Use of Maximum End-Tidal CO2 Values to Improve End-Tidal CO2 Monitoring Accuracy

The full text article is temporarily unavailable.

We apologise for the inconvenience. Please try again later.


BACKGROUND: The arterial partial pressure of CO2 (PaCO2) can be grossly estimated by the end-tidal partial pressure of CO2 (PETCO2). This principle is used in SmartCare (Dräger, Lübeck, Germany), which is an automated closed-loop system that uses PETCO2 to estimate alveolar ventilation during mechanical ventilation. OBJECTIVE: To assess whether the maximum PETCO2 value (instead of the averaged PETCO2 value) over 2-min or 5-min periods improves PaCO2 estimation, and determine the consequences for the SmartCare system. METHODS: We continuously monitored breath-by-breath PETCO2 during ventilation with SmartCare in 36 patients mechanically ventilated for various disorders, including 14 patients with COPD. Data were collected simultaneously from SmartCare recordings, every 2 min or 5 min, and through a dedicated software that recorded ventilation data every 10 s. We compared the maximum and averaged PETCO2 values over 2-min and 5-min periods to the PaCO2 measured from 80 arterial blood samples clinically indicated in 26 patients. We also compared SmartCare's classifications of patient ventilatory status based on averaged PETCO2 values to what the classifications would have been with the maximum PETCO2 values. RESULTS: Mean PaCO2 was 44 ± 11 mm Hg. PaCO2 was higher than averaged PETCO2 by 10 ± 6 mm Hg, and this difference was reduced to 6 ± 6 mm Hg with maximum PETCO2. The results were similar whether patients had COPD or not. Very few aberrant values (< 0.01%) needed to be discarded. Among the 3,137 classifications made by the SmartCare system, 1.6% were changed by using the maximum PETCO2 value instead of the averaged PETCO2 value. CONCLUSIONS: Use of maximum PETCO2 reduces the difference between PaCO2 and PETCO2 and improves SmartCare's classification of patient ventilatory status.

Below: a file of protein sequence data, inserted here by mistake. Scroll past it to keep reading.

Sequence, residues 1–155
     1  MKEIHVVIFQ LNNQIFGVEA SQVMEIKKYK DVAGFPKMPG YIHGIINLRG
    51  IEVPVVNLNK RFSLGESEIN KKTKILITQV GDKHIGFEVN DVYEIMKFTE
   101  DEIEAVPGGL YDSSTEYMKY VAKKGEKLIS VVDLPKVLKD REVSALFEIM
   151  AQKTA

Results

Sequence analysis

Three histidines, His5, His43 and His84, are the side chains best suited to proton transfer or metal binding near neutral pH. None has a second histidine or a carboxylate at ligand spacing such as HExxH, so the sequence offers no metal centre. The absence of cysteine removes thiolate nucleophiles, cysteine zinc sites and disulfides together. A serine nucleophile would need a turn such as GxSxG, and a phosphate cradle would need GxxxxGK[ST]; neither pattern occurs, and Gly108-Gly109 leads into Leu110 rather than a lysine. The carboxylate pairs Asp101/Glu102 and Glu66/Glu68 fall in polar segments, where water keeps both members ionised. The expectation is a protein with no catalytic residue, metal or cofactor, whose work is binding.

Keywords: alveolar ventilation; capnometry; closed loop systems; mechanical ventilation; monitoring; weaning

Document Type: Research Article


Affiliations: Réanimation Médicale, l’Assistance Publique-Hôpitaux de Paris, Hôpital Henri Mondor, France

Publication date: March 1, 2011

Share Content

Access Key

Free Content
Free content
New Content
New content
Open Access Content
Open access content
Subscribed Content
Subscribed content
Free Trial Content
Free trial content
Cookie Policy
Cookie Policy
ingentaconnect website makes use of cookies so as to keep track of data that you have filled in. I am Happy with this Find out more